On April 23, 2011, The New York Times carried a story about the Embassy of God, a Pentecostal megachurch in, of all places, Kiev. I had known about this church before, but the Times story, in combination with other items about Ukraine that had come to my intention, made me reflect about it once more. There is some rather limited information on the Internet. But my main source for recent religious curiosities in Ukraine are Artyom and Lydia Tonoyan, two graduate students at Baylor University, where I have recently been teaching several times a year. Lydia is Ukrainian, Artyom is Armenian but has lived in Ukraine. Both are doing research on religious and political developments in that country.
The Embassy of God was founded a few years ago by Sunday Adelaja, a Nigerian preacher. He had studied in Minsk (now Belarus) during Soviet times (studies that had nothing to do with religion), had started a Pentecostal group with other African students, then moved to Kiev. It was there that his extraordinary charismatic gifts took off, giving him a platform way beyond the community of African expatriates. The Embassy of God, the Pentecostal congregation he founded in Kiev, experienced phenomenal growth. It now claims about 25,000 members in its Kiev location, with about the same number in affiliated churches throughout the country and abroad. This membership consists overwhelmingly of white Ukrainians. The Embassy of God is probably the largest church in the country. For a while the mayor of Kiev was a member and Adelaja, though he never became a Ukrainian citizen, has cultivated contacts in political elite circles.
Not surprisingly, Adelaja’s success has met with sharp opposition by the dominant churches in Ukraine, the Orthodox and the so-called Greek Catholic or Uniat, as well as by a growing number other Protestant groups. The Embassy of God has been called a “cult” (a pejorative term with little objective content) and Adelaja has been criticized for preaching the “prosperity gospel” (which can mean anything from advocating the Protestant ethic to extracting money from poor people to support luxurious lifestyles by preachers). Recently Adelaja and some other leading members of his church have been charged with running a Ponzi scheme. Adelaja has denied the charges and claimed that he is the victim of a plot to discredit his church and the overall charismatic/Pentecostal movement.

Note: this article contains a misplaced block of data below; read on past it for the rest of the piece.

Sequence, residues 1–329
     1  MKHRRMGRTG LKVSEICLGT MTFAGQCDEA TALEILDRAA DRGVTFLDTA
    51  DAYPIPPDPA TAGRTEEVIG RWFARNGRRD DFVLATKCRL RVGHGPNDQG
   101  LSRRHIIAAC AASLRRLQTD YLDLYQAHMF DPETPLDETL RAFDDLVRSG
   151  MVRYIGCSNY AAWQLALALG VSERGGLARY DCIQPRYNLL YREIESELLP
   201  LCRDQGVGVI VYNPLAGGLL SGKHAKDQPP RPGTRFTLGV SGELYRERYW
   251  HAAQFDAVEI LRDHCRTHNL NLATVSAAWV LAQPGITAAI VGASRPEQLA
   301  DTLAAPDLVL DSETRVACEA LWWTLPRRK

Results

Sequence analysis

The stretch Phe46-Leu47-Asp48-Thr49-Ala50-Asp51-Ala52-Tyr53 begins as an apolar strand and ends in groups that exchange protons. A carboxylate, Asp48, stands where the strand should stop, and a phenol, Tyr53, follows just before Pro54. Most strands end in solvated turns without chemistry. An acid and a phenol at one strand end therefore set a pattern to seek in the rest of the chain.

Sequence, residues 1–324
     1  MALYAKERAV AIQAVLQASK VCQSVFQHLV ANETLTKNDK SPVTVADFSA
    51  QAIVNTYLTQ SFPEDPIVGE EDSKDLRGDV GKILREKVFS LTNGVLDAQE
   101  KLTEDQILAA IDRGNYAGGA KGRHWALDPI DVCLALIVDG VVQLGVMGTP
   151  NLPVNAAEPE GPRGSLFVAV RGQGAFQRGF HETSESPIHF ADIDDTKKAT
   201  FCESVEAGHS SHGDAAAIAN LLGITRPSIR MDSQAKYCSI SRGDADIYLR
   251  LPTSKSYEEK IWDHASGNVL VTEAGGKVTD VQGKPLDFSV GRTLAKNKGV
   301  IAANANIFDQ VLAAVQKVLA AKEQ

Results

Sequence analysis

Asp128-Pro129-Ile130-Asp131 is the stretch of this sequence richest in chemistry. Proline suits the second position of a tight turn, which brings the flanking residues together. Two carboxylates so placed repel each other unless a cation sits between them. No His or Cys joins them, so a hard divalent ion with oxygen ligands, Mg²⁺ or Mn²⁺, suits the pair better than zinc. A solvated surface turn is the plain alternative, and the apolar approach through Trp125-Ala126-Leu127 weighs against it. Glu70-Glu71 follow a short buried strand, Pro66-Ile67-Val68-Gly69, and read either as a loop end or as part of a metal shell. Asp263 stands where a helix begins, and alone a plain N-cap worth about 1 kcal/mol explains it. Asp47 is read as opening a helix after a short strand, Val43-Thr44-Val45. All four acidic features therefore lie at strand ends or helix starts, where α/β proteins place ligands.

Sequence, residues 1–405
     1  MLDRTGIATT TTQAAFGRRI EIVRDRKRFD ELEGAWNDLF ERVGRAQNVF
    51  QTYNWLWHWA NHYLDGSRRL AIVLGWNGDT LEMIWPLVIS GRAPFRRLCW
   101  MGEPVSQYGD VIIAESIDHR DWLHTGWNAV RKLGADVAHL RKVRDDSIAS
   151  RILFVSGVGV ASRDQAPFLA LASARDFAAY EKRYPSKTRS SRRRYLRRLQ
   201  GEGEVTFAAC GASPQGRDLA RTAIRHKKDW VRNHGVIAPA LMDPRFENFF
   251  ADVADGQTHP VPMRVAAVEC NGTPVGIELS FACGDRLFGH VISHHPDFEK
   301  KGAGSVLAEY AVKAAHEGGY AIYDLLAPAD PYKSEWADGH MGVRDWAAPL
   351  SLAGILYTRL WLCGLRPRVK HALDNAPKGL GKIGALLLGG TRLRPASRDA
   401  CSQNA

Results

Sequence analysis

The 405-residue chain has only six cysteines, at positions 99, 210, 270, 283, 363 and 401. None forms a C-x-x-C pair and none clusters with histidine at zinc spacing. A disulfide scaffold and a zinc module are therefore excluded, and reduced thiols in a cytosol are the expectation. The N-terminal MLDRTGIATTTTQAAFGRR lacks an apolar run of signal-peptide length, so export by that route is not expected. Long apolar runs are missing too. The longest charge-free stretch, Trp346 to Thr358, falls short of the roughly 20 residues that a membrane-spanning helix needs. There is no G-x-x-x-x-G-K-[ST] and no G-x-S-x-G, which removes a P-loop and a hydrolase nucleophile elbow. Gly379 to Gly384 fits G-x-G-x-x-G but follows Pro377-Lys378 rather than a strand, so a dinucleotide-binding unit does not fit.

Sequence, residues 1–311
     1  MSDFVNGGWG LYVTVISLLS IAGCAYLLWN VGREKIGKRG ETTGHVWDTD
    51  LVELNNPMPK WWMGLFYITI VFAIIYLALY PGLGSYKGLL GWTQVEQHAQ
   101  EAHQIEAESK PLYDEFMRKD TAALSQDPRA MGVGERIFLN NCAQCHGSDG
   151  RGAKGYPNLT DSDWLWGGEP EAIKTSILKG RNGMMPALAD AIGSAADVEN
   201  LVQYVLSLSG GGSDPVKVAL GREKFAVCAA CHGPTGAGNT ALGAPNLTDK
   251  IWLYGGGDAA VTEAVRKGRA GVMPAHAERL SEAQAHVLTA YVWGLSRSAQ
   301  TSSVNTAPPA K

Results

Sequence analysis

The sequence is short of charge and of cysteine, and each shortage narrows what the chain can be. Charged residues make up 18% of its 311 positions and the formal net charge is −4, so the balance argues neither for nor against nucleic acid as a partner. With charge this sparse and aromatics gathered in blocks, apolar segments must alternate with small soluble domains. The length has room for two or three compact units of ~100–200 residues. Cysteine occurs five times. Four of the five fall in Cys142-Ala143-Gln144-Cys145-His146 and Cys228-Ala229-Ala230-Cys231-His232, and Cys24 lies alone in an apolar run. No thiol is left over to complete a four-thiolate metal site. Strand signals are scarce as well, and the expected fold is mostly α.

The global expansion of Pentecostalism is an established and extremely important fact. This particular case is noteworthy only because Ukraine seems an unlikely territory for this expansion. And, if one is intrigued by religious curiosities, a large number of white Ukrainians following an African preacher into the enchanted garden of charismatic Protestantism is rather curious indeed. But another Protestant development in Ukraine is even more curious, indeed has the traits of a man-bites-dog story.
This is the growth of the movement called Messianic Judaism. There is even less reliable information on the Internet, but Lydia Tonoyan has embarked on an intensive study of the movement. It was apparently introduced into Ukraine by American missionaries in the 1990s, and has grown impressively. Huge services are held in Kiev and in other cities, again with strong charismatic/Pentecostal characteristics. But it also incorporates distinctly Jewish forms of worship, with Jesus always referred to as Yeshua. At first glance (which is all I have had so far), the movement strikes one as a sort of Pentecostalization of Hasidism. Its festivals of Jewish music with Evangelical preaching evidently attracts, not only its devotees, but large crowds of sympathetic or at least intrigued onlookers. Unlike the Embassy of God, the Messianic Jews were brought to Ukraine by Americans rather than Africans; like the Embassy, it has been producing indigenous leadership.
The Messianic Jews have a resemblance to a much better-known movement, also of American provenance: Jews for Jesus. There is a similar project of emphasizing the Jewish roots of Christianity and the status of Jesus/Yeshua as the Messiah of the Jewish people, and a synthesis of worship forms from both traditions. But there is one very interesting difference: Jews for Jesus are mainly people who were converted to Evangelical Christianity (though, as far as I know, of a less charismatic type), but who want to continue identifying themselves as Jews. However, according to Lydia, the majority of Messianic Jews are Gentile Ukrainians who want to be Jews.